40to40: 40 posts for 40 days until turning 40
Below is an excerpt of a piece I wrote for Tribes Magazine. It was sparked by the debate over some comments that Bill Cosby made at an event. This stuck out to me to share because I still eat at that Bojangles by Saint Augustine’s University Campus. There are still community elders there. On any given day you can be given or overhear some of the most interesting insights you will ever be exposed to. I’ve learned that you may not always understand it initially, but there is value there. I still believe it is in those spaces and at those moments that I find the real gems. Leaders, pundits, and trailblazers have earned the platform they have. But you have to also consider that there are also folks who have lived, worked, and fought each day for a better way that can provide you with just as much wisdom.
Now I am not here to spend more unnecessary time dissecting his speeches. We’ve heard the same comments from our parents, grandparents, and any other important elder in our lives. They all lament the state of young people today considering them a generation lost. I know Mr. Cosby is not alone. There are other “Cosbyists” (as I call them) who share some of the same views. They see our state as a direct result of a lack of parenting, mentoring, community, goals, sense of achievement, motivation, and vision. Many are our privileged black middle and upper class that look at the lower middle and lower class and say “carry your weight.”
Now, I am not writing this to agree or disagree. I’m here to ask what is the big deal? Is it that Bill is one of our favorite icons that we spend so much attention on speeches no different than Sunday dinner conversation at Big Mama’s? Is it because there is a fascination with black culture and our experiences, including our dirty laundry? I am here to say I gain so much more from the people who actually live this reality and have a more practical understanding of our everyday struggles than the results of research or products of philanthropy. The people we meet in grocery stores, at restaurants, at community meetings, demonstrations, college campuses, and at holiday dinners.
Let me give an example. I was sitting in Bojangles having just finished my lunch and was working through some concepts for a new piece. A man sitting at the next table saw me with my journals on the table and asked if I was a student. He began to talk about the value of education and his 4 kids that finished or were in college. He had one chemist, one potential chemist, a med school student, and an aspiring lawyer. He seemed to be a hardworking blue-collar father wearing a “super dad” tee shirt. He proceeded to offer me tidbits of knowledge that he had passed on to his children while pushing them to exceed. These were tidbits that inspired them to get the best grades possible and benefit from the doors that opened for them. This is someone who didn’t have money or academic intellectualism to give his children, just love, advice, and support within the framework of a system he saw for what it was. Below are some of the gems he gave to me.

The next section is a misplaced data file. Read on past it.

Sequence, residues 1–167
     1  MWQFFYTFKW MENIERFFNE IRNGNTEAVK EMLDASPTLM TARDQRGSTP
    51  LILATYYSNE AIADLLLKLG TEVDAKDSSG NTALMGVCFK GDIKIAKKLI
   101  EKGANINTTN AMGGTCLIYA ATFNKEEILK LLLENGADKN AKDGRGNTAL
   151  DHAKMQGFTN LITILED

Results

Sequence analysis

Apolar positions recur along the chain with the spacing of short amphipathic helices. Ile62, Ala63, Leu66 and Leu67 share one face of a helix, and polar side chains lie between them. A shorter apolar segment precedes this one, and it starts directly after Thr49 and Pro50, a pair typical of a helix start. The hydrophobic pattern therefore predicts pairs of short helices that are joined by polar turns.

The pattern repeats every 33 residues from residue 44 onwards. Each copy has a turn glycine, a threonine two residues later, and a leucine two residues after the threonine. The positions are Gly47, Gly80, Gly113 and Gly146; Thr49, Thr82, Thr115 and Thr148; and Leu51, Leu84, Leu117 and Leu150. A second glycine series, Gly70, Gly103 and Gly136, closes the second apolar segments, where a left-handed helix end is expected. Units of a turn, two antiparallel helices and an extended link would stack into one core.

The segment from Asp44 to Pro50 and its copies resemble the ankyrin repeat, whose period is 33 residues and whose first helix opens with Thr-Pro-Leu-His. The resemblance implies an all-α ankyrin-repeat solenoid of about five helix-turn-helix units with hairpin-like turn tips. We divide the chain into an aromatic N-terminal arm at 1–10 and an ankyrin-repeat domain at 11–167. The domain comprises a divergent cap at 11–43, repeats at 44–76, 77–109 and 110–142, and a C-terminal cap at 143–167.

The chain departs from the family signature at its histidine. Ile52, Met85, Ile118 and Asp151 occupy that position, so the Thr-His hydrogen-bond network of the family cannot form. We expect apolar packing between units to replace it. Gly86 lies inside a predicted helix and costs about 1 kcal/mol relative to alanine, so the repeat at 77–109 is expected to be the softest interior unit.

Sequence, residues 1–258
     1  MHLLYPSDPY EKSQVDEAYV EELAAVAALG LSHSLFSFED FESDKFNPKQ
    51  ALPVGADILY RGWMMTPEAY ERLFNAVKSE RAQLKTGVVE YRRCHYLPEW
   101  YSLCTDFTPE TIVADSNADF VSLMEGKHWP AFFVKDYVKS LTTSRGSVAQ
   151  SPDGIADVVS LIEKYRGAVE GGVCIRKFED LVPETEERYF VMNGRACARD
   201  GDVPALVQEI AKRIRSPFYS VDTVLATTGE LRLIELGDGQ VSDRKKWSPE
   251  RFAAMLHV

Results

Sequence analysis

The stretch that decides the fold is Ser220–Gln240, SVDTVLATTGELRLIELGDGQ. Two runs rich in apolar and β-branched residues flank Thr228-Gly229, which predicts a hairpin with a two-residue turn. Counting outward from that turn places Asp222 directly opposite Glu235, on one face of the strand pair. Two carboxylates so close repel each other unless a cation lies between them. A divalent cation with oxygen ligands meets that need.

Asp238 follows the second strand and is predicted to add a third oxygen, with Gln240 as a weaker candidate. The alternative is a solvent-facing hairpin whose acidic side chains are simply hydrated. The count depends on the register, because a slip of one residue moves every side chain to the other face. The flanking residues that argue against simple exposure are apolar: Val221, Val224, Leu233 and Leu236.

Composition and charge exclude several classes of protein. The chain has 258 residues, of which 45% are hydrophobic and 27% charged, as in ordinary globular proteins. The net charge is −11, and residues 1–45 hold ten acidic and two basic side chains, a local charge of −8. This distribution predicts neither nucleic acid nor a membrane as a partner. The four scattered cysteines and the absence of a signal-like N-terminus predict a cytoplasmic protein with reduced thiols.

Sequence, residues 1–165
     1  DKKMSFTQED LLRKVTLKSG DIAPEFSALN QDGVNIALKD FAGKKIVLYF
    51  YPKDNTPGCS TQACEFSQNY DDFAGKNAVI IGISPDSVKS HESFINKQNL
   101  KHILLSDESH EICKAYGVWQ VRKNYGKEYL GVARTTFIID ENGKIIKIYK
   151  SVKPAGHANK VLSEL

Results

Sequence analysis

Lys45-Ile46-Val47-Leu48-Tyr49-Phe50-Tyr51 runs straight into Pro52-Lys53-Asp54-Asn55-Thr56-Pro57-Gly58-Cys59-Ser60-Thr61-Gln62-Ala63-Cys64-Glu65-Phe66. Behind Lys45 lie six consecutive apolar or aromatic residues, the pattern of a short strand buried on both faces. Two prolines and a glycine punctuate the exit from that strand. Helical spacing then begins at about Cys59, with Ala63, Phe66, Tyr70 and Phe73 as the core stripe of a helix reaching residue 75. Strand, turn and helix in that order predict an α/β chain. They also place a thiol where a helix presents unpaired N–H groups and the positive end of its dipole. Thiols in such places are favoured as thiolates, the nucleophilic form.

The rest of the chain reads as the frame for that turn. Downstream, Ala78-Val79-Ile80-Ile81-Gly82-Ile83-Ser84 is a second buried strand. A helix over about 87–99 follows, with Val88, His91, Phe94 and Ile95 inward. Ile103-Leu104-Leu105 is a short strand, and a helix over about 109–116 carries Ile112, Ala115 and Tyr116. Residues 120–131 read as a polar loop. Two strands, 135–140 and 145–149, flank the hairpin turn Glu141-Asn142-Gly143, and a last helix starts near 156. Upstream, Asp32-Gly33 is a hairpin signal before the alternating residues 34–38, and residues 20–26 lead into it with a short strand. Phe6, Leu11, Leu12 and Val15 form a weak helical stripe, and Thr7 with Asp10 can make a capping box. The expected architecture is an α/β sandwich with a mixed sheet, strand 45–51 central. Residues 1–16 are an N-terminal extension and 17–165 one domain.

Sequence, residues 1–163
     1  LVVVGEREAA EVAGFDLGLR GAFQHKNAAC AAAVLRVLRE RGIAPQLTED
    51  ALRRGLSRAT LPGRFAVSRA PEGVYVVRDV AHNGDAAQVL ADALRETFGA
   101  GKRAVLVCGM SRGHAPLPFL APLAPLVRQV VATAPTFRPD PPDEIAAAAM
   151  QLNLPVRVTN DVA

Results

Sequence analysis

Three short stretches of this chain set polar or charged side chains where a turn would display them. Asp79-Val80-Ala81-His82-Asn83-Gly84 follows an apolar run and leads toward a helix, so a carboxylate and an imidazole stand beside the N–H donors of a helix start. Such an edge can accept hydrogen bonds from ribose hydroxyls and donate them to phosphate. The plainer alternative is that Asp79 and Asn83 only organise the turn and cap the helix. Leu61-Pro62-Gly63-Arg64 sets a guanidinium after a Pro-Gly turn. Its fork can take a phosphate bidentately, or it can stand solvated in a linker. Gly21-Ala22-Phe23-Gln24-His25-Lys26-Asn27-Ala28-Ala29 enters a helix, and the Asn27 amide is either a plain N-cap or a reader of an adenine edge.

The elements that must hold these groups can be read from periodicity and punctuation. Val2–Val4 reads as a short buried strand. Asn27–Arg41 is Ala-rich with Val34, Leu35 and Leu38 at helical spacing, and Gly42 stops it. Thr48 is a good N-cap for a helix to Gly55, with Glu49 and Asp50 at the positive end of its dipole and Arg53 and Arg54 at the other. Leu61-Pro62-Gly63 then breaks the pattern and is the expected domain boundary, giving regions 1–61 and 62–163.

There are eaters and there are readers. In this world there are too many readers. When faced with knowledge you have to decide to eat. You can’t be a spectator. Try going to a restaurant and just reading the menu. It doesn’t fill you up. By the same token, our leaders have to feed us. We need something substantial and practical.
Your faith is yours. You define what it is and how it manifests in your life. You don’t need anyone to tell you how to be a faithful person. You don’t need anyone to tell you about your relationship with your higher power. If we answer to the same father why does he have to keep telling you what to say to me? I can talk to him myself.
You send your child off to school to get an education but you make them smart at home. This system wasn’t made for us so you have to prepare your kids to overcome the obstacles set in their path. You need to value education, but also understand the system we live in and the challenges it presents to youth of color.
Leaders make flunkies out of followers. Look at a pack of birds flying south. They form a V and it seems the bird at the peak of the V is the leader. Not if you look closer. You will notice that when that bird gets tired he falls back and another takes his place (He then added an exclamation point with an “Oh my goodness”).
We are the beacons of light. Your heart is the switch that turns that light on. We have to remember that light and shine it whenever we can. It is a gift from heaven, the key to our happiness and the answer to relating to others. If you meet someone and there is no connection, if the switch isn’t working…leave it alone.
At the end, I left that Bojangles feeling like I learned something. Not just from the words he gave me, but the sincerity in which he spoke. I valued the conversation, not knowing the reason he offered the advice. I do know that he said that we meet people for a reason and to be open to the lesson. That day I learned more from him than I could ever learn from “Mr Huxtable” or any popular conservative. These are the lessons that make us the successes we are while Mr. Cosby just gives out a scholarship or passes accolades to those who listened to the voices closest to them.
God bless each one.